The failed reforms of Akhenaten and Muwatalli

During his reign, Pharaoh Akhenaten tried to make Egyptian religion more monotheistic. The change didn't take, and were reversed after he died. Something similar happened with Pharaoh Muwatalli as well.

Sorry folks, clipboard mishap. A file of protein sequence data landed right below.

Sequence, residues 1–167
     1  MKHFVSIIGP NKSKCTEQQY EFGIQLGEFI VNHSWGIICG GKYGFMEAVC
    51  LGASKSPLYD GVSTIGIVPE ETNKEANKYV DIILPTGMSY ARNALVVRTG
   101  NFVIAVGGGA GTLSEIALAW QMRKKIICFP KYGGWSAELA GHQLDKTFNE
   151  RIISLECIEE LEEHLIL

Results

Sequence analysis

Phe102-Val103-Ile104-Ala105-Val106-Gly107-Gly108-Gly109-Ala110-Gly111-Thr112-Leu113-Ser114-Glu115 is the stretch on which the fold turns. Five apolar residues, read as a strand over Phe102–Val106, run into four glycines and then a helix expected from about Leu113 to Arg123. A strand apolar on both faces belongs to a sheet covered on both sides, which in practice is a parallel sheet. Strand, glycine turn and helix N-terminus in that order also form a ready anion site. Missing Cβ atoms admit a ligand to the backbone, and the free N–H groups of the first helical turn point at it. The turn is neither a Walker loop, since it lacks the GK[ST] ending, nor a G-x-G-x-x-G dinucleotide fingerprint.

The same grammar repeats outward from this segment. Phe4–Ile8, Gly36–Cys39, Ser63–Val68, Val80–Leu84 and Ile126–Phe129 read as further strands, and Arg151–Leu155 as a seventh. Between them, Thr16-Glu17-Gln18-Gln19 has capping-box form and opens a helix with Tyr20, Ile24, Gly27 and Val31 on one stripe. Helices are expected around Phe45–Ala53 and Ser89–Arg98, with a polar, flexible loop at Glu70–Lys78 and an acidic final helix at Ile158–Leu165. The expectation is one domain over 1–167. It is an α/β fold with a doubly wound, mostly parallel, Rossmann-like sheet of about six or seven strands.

The failed reforms of Akhenaten and Muwatalli Itamar Singer In his fifth regnal year Akhenaten founded his new capital Akhetaten in Middle Egypt, thereby crowning his religious reform intended to promote the cult of Aten to the exclusion of the rest of the Egyptian pantheon. Half a century later Muwatalli founded his new capital at Tarhuntassa in the Lower Land, as the apex of a religious reform promoting the cult of the Storm-god of Lightning at the expense of other major deities of the Hittites. Both reforms collapsed shortly after the death of the ‘heretic’ kings, but Tarhuntassa continued to exist as the seat of a competing Great King. The similarities and the differences between these major religious reforms of the Late Bronze Age will be examined in the light of the contemporary sources and some historical analogies. The foundation of a new capital has always been one of the most radical and subversive steps in the history of a nation. From Akhetaten and Tarhuntassa to St. Petersburg and Brasilia, the foundation of a new capital derives from a fundamental ideological change in the mind of the reformist, reinforced by an unrelenting commitment to a complicated and risky endeavour. The Late Bronze Age witnessed an unprecedented wave of new foundations throughout the Near East — Dur-Kurigalzu in Babylon, Akhetaten and Piramesse in Egypt, Dur-Untash in Elam, Tarhuntassa in Hatti, Kar-Tukulti-Ninurta in Assur. All these new foundations share common traits, yet, as I will try to argue, the most meaningful comparison is between Akhetaten and Tarhuntassa, despite the tremendous disparity between the amount of documentation on the two cities. Akhenaten’s is probably the best documented religious reform in the ancient Near East; in contrast, Muwatalli’s religious reform has only recently been identified as such. The city of Akhetaten at Tell elAmarna is one of the most extensively excavated sites in Egypt; Tarhuntassa has not even been located with certainty on the map of Anatolia. Akhenaten, despite the inexhaustible efforts to erase his memory, speaks out loudly from his own inscriptions and pictorial representations; Muwatalli does not even mention his new capital in his preserved documents. Nevertheless, from the records of his successors and from subtle clues embedded in his own prayers and seals, it is possible, I believe, to reconstruct this important reform which irreversibly changed the course of Hittite history. The emphasis of my paper will be on the less known reform of Muwatalli, within the domain of my own discipline, and I will utilize Egyptian evidence from translations and secondary sources.